SUNDAY AT HOME.
A REST DAY FOR FRANCE. Many eyes, says the Recorder, are turning to France in its days oi religious unrest. Tb.e separation, of Church and State has been eagerly discussed, and we are all anxiously watching the course of events. Even more important than this ecclesiastical question is the new law which requires all employers of labour to give their assistants one full day of 24= hours in the week. It needs to be extended, but it is a step in the right direction. The Act strongly recommended Sunday as the day of rest, because unanimity on that matter in the different trades wouid strengthen the bonds of family life by giving households the opportunity of meeting together. A lady sends to the Guardian her experience of the first Sunday in September, when the law comes into operation. The Parisians looked somewhat disconsolate as they walked the quiet streets. Brief announcements on the shutters bore witness of the difficulty of changing the habits of a nation. The provision merchant closed from noon on Sunday to noon on Monday. The baker chose Monday, the hairdresser fixed on Thursday. The butchers were undecided. One kept his shop open, and arranged to give his assistants a day off in turn. The huge bazaars were, however, all closed. Some of those who benefit by the Act are suspicious of it. They think it will pull down wages, and to the thrifty Frenchman wage is more than rest. The Government gave a week’s grace, so that the Act was not in full operation on September 2nd, but there is hope that a little experience will make masters and men prize their day of rest, and lead them to spend some of it in worship and religious service.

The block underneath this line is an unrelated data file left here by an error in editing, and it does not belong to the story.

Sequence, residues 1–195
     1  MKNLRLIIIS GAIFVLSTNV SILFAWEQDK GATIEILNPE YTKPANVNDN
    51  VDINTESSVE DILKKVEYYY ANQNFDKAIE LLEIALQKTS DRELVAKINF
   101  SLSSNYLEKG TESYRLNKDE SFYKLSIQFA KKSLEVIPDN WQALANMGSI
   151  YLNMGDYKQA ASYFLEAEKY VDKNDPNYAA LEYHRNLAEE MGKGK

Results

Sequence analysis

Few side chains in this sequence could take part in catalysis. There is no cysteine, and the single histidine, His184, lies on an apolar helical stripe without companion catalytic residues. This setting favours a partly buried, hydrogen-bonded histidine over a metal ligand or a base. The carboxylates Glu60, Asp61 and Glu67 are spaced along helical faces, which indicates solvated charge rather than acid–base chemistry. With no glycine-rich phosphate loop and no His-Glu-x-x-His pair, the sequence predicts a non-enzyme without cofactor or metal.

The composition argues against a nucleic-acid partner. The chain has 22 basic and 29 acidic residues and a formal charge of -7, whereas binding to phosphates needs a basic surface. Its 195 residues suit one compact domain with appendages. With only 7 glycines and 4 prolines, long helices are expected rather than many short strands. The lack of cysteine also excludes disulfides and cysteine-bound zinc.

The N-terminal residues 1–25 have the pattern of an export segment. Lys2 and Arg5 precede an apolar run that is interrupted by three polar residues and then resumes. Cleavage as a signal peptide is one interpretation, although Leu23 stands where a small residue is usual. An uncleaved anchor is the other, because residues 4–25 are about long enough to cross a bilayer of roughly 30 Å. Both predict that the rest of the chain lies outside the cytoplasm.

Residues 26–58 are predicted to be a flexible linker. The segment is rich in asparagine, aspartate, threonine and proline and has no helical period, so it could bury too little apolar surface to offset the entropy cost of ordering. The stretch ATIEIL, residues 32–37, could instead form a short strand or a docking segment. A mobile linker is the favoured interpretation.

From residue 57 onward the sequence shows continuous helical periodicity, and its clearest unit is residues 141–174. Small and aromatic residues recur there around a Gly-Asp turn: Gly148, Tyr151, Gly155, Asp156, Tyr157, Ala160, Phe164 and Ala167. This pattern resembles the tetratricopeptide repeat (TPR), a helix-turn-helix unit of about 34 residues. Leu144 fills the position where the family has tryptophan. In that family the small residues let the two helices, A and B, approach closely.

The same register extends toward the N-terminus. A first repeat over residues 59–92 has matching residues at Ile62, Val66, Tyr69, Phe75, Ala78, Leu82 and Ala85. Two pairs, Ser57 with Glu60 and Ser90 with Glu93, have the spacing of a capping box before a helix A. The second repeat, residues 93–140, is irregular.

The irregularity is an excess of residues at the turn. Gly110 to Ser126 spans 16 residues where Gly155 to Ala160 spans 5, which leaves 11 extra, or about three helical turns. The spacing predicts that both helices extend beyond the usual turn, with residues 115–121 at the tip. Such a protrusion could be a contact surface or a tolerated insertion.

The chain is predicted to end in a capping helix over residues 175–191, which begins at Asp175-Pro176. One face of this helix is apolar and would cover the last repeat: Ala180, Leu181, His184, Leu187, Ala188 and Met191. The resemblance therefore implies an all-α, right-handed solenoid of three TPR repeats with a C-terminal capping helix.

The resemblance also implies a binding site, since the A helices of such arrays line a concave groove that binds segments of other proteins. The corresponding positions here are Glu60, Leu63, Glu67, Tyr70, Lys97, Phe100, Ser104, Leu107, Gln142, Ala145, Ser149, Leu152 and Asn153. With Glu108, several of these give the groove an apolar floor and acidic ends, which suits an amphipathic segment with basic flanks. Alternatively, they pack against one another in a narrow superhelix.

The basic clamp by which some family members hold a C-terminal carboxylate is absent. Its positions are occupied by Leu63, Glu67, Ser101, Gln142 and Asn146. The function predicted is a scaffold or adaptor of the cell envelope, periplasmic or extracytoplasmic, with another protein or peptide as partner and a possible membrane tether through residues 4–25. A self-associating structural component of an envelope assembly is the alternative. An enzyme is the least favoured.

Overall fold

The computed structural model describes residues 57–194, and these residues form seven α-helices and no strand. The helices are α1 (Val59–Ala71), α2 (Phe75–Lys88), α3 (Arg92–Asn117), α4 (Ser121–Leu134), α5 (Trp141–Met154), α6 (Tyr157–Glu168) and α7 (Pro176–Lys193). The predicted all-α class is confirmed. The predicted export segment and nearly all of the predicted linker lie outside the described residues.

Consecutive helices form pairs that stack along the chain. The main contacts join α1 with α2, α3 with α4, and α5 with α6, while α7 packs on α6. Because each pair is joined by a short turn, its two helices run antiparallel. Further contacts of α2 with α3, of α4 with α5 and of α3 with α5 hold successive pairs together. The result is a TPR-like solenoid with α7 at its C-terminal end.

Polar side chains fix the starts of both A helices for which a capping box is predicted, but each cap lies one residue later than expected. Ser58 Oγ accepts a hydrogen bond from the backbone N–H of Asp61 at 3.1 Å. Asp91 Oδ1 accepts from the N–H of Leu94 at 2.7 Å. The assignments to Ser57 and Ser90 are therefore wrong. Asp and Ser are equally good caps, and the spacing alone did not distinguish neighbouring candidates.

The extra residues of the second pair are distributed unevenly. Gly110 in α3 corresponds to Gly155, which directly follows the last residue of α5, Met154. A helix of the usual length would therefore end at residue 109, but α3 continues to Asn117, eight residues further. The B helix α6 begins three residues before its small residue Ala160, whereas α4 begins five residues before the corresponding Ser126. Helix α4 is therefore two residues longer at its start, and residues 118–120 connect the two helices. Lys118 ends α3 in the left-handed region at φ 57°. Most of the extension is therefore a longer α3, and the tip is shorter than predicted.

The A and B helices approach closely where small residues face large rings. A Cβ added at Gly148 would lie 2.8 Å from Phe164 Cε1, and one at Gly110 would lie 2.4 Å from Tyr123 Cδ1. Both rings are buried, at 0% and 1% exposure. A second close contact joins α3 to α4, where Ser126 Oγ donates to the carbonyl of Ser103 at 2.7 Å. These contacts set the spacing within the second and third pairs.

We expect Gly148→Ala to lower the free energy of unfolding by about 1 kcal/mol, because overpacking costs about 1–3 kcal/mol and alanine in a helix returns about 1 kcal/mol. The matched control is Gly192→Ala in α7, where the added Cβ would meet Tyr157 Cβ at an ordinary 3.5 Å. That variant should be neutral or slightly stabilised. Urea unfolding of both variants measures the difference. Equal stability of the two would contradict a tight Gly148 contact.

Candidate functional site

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SUNDAY AT HOME., Southern Cross, Volume 14, Issue 41, 8 December 1906
SUNDAY AT HOME. Southern Cross, Volume 14, Issue 41, 8 December 1906
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